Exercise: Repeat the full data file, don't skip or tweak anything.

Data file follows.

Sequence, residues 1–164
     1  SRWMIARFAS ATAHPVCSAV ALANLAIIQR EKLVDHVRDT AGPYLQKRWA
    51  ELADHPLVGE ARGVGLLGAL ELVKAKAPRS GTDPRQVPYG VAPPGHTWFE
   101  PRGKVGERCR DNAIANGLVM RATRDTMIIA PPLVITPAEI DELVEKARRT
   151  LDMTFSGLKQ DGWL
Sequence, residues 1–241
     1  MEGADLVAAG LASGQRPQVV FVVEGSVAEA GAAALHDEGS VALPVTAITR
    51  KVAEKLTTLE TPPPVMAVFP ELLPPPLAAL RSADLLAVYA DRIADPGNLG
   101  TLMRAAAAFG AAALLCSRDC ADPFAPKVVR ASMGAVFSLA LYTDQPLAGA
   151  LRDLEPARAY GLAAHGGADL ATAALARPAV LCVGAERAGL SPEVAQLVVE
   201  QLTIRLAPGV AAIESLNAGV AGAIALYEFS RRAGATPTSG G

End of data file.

Sequence, residues 1–164
     1  SRWMIARFAS ATAHPVCSAV ALANLAIIQR EKLVDHVRDT AGPYLQKRWA
    51  ELADHPLVGE ARGVGLLGAL ELVKAKAPRS GTDPRQVPYG VAPPGHTWFE
   101  PRGKVGERCR DNAIANGLVM RATRDTMIIA PPLVITPAEI DELVEKARRT
   151  LDMTFSGLKQ DGWL
Sequence, residues 1–241
     1  MEGADLVAAG LASGQRPQVV FVVEGSVAEA GAAALHDEGS VALPVTAITR
    51  KVAEKLTTLE TPPPVMAVFP ELLPPPLAAL RSADLLAVYA DRIADPGNLG
   101  TLMRAAAAFG AAALLCSRDC ADPFAPKVVR ASMGAVFSLA LYTDQPLAGA
   151  LRDLEPARAY GLAAHGGADL ATAALARPAV LCVGAERAGL SPEVAQLVVE
   201  QLTIRLAPGV AAIESLNAGV AGAIALYEFS RRAGATPTSG G